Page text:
Third up from Disney's CG department is "Bolt," which features the super-powered exploits of the eponymous dog as he works with his owner Penny to rescue her father from the clutches of the diabolical Green-Eyed Man. One small detail here though, it's all just the high-concept premise for a popular (and EXTREMELY elaborate) TV show, helmed by a director who wants to keep the dog's method acting by making him believe it's all real. Trouble arises when Bolt ends up released off the set and half-way across the country. Naive and deluded, Bolt is no match in the real world by himself, so he enlists the help of a reluctant cat Mittens, who he drags along in his venture back to California. Along their way they also meet Rhino, an energetic little hamster who is Bolt's #1 fan. It's then that Mittens figures out why Bolt thinks he's a superdog, and must convince him otherwise if they have any hope of surviving the journey.
These last three movies are very indicative of the progressing regime changes behind the scenes at Disney. With "Little," it was the bottom of the barrel, low, pandering, following the crowd. After that, Disney acquired Pixar and head John Lasseter came on board at Disney Animation. He worked hard in retooling "Robinsons," which felt a bit more grounded and structural. Now we have "Bolt," which plays out a solid, heartfelt story almost in the fashion of a Pixar film (which I guess makes sense). Speaking of, Disney's CG designs are starting to get more and more Pixar-esque, with the humans looking like they could very well fit in a film like "The Incredibles." Most of the film features technically proficient, but basic, serviceable visuals. In terms of a filmatic story though, "Bolt" is pretty sound, with an ever-prevalent emotional core between Bolt and Penny amidst the traditional adventure home story... but with animals, of course. Almost like an animated "Homeward Bound."
The worst thing I can say about "Bolt" is that it feels very ordinary once you get passed the thrilling TV show segments. The exploits of this poorly deluded dog out in the real world doesn't grab me as greatly as it should. It kind of reminds me of Buzz in "Toy Story," except notice how the filmmakers knew it perhaps wasn't wise to leave him as the primary focus. Now while the film's heart and structured story begs to emulate Pixar, though with everything else it still seems to be going after the works of competing studies, with its overuse of dialogue and quirky characters. Quite a few of the jokes do hit their marks, be it the New York pigeons or some of Rhino's manic delusions, but a lot of the snappy, overwritten dialogue between Bolt and Mittens kind of just lies there. I also feel a whole lot more could have been done with the TV show backdrop, playing off the entertainment industry, but apart from an admittedly amusing heartless Hollywood agent, most of the beginning portion is played fairly straight.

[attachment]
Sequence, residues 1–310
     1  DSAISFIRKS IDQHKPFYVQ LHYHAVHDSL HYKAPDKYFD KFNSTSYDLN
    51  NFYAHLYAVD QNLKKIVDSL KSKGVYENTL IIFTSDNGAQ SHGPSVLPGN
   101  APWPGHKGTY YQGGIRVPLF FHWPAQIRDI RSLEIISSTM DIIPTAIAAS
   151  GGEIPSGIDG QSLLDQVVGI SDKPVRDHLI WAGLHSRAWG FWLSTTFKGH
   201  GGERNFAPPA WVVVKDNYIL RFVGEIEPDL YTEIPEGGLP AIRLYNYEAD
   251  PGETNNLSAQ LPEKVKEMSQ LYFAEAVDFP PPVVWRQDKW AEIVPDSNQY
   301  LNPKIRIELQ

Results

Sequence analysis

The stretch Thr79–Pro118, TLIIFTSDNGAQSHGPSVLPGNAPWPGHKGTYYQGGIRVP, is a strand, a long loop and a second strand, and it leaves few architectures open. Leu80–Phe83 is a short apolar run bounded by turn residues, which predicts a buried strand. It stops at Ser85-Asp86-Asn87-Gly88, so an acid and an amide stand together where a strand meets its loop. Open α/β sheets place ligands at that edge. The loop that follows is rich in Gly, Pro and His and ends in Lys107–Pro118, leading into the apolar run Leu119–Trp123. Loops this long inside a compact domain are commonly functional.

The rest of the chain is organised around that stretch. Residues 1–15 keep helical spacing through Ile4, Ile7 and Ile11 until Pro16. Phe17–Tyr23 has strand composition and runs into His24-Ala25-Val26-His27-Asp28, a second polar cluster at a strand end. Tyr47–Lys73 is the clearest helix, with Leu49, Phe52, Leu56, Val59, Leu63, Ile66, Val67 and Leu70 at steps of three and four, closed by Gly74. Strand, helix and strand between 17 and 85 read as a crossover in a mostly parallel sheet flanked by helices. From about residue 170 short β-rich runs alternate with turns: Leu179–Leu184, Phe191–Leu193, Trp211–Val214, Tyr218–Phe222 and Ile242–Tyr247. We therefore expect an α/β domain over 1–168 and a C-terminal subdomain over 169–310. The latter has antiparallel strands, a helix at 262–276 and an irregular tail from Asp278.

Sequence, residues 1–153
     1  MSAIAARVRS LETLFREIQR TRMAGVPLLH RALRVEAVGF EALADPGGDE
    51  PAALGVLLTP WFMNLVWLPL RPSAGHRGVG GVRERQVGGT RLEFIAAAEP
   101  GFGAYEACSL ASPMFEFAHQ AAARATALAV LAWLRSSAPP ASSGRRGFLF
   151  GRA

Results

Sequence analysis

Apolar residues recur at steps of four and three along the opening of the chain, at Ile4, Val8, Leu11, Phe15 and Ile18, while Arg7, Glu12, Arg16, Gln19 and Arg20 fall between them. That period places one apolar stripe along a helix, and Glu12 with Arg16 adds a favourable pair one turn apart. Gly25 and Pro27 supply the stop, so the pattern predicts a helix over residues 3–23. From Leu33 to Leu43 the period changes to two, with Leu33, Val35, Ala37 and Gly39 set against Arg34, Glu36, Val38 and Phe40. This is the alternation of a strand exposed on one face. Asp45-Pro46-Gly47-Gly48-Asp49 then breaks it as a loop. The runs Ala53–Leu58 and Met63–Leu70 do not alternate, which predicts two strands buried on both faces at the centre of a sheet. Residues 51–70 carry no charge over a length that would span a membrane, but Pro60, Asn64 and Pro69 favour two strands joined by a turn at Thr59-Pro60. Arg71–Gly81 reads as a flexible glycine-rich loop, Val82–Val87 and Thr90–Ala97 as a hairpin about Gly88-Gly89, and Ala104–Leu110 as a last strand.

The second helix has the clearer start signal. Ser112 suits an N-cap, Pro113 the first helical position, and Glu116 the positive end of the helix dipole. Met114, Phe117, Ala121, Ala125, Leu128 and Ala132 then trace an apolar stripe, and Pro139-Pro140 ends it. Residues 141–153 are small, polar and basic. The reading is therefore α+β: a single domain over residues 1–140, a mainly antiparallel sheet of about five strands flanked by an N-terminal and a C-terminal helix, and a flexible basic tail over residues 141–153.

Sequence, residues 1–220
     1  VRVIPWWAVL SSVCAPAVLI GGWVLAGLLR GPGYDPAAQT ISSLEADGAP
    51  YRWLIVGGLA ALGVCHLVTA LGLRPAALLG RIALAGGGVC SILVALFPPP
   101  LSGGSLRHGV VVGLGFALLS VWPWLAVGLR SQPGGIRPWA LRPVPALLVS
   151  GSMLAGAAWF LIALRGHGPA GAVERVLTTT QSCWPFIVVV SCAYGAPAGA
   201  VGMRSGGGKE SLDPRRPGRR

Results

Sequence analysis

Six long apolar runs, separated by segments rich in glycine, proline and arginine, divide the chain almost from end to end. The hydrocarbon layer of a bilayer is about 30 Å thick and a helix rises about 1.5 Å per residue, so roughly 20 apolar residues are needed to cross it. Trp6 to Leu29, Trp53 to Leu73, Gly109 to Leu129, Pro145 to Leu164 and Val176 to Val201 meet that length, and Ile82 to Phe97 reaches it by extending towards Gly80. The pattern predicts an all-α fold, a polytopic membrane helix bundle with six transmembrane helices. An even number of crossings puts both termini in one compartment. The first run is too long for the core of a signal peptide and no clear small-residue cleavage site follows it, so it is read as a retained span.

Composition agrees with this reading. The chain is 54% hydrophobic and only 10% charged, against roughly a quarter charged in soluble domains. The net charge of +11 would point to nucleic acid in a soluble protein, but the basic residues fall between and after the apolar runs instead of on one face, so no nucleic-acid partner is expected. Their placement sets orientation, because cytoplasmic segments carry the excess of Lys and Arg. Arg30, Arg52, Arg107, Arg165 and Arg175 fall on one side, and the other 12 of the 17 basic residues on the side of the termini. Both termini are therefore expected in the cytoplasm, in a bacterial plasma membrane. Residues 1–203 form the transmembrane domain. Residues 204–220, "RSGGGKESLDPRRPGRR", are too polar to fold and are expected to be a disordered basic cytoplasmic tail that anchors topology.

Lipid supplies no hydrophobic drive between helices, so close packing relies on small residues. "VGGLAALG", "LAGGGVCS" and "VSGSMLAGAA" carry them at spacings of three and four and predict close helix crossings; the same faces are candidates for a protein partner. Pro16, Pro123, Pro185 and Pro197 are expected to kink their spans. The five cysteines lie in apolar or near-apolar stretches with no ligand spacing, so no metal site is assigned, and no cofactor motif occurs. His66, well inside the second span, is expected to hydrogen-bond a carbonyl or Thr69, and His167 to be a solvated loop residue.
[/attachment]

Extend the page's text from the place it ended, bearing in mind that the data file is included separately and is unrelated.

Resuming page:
Yeah, so "Bolt" does feel very basic and doesn't necessarily reach for great heights in terms of originality or innovation. But that doesn't make it bad. The familiar story beats and humor still work, and many came off fresh enough to keep me entertaining. A few exciting scene like breaking Mittens out of the animal shelter peppered throughout didn't hurt my interest either. The film's emotional undercurrent also helped support most of the film's weight, especially for me: the movie could have been garbage and I still would have teared up seeing that dog reunited with his owner. That being said, they could have relied on audiences' automatic reaction to such schmaltz, but instead developed Bolt and Penny enough to make us actually give a shit whether these two specific characters finally make it in the end.
Verdict? As I said, "Bolt" really feels like a movie on autopilot, and it's one we'll probably forget about in a few year's time, but on all accounts it's an enjoyable film with just enough story, heart and humor to keep one going for ninety minutes time. It's no triumph, but it ain't bad. It's a lukewarm 'pretty good.'